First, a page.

Hollowed Out, Crashing Down


A few weeks ago, a storm unexpectedly ravaged our corner of the country. It brought hurricane-force winds unannounced, ripping entire trees from their roots and pitching much of our area into cold and darkness for days. By God’s mercy, no one suffered injuries, even though trees cracked and precariously teetered over every street.

The first night, we ate soup by the firelight, and found a sense of adventure in our sudden disappearance of modern comforts. We fantasized, as we have so frequently, about pioneer days, about carving out our own existence on the fringe of society beneath a vast, star-clotted sky.

For the next few days, as an overnight power outage turned into a week with crusty dishes in the sink, a frigid home, and foibles from toddler tooth-brushing by flashlight, our enthusiasm gave way to grumbling. Like the Israelites in the desert, we forgot the mercy of safety and salvation, and instead whined for fresh food, WiFi, and LED lighting.

My own propensity to complain unsettled me, as did the loss of my subsistence living dreams as they disappeared like vapor from between my fingers. In the weeks that have followed, however, the brief ordeal has unsettled me for another reason.

That tree.

One of so many that we saw in the days after the storm, sprawling across the road in a tangle of debris, or ominously balancing in a web of power lines. Aside from the obvious threats of electrocution or massive squashing, though, the image has haunted me.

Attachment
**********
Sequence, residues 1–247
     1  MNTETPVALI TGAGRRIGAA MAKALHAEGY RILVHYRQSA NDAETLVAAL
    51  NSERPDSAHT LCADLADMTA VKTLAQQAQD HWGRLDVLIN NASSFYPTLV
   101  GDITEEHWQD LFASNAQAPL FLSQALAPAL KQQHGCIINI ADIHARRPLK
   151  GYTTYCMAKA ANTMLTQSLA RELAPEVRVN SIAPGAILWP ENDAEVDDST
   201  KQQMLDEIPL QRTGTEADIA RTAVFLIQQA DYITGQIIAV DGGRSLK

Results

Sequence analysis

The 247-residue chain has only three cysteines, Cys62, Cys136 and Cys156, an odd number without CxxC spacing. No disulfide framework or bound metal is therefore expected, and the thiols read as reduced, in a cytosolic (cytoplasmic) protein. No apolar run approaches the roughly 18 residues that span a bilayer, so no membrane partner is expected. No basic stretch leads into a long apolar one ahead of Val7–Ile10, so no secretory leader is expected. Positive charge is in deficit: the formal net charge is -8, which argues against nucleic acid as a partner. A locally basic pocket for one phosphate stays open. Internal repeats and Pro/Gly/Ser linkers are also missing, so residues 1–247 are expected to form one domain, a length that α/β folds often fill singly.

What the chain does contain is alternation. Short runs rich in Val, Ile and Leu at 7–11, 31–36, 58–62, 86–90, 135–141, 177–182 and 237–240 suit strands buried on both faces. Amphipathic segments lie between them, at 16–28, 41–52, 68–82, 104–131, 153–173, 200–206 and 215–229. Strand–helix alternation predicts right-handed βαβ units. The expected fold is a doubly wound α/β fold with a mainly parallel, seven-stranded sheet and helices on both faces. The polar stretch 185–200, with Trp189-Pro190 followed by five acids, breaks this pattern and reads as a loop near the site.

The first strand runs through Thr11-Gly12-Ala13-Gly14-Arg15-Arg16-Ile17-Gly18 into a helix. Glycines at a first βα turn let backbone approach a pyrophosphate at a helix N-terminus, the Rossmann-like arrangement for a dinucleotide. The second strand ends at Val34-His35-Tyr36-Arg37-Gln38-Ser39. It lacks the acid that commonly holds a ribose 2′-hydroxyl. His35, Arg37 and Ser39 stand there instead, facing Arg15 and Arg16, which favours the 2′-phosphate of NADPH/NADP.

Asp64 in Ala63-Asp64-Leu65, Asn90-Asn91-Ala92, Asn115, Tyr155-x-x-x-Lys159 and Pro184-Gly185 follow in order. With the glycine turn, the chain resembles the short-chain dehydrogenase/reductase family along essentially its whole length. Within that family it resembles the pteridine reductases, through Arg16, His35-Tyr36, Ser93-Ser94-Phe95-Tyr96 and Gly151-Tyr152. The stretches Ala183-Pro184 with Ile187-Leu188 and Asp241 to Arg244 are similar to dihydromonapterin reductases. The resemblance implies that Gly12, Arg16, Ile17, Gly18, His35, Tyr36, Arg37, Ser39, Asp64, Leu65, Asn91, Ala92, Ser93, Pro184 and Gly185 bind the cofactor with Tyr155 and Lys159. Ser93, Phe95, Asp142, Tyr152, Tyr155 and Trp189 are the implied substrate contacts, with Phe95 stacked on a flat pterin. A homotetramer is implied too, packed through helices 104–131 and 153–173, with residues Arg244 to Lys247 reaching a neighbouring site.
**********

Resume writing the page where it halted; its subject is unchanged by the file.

The tree was hollow. It fell not from its roots, but after its stately trunk cracked in two. Then it heaved, groaned, and slammed into those power lines, its shell splintering, its impact eliminating light and warmth.

It still had green needles. From a distance, before its fall, it commandeered the road, towering above the curled, browning leaves of the oaks and and the dapple-headed maples. Yet within, it was rotten.

Like us. Like me.

It’s easy to sing praise from the comforts of home, with Netflix and Amazon, iPhones, and thermostats. Yet what ugliness leeches from us, the moment we suffer an interruption in luxuries! Sin persists, just as it did in the wilderness, just as it did in Genesis 3. It lurks in us, hiding within the trappings of our homes, our broad smiles, our generous volunteer work at church. It festers unseen, and hollows us out. It waits for the next strong gust to fracture our foundation and pitch us headlong into catastrophe.

Yet we have hope. How gracious, our God, who made heaven and earth and yet suffered and died for us! How blessed are we, that Christ hung upon a tree, so that we might spring forth with life anew! He steels our foundations, and replenishes us with living water. Praise be his name!

Perhaps the cabin beneath the stars is not an impossibility. Perhaps with our inequities laid bare, our hollow core cracked open, we learn to subsist on his word, and to find in him the light that vanquishes all darkness.

(Aside: I’m sorry I’ve been silent lately — in between blackouts, I’ve been occupied with finishing my book. Thank you for your patience, and your prayers.)

One Comment Add yours

  1. Heather OConnell says:

    Wonderfully written! Convicting yet, He is Sufficient in our brokenness. Looking forward to hearing an seeing more about your book.


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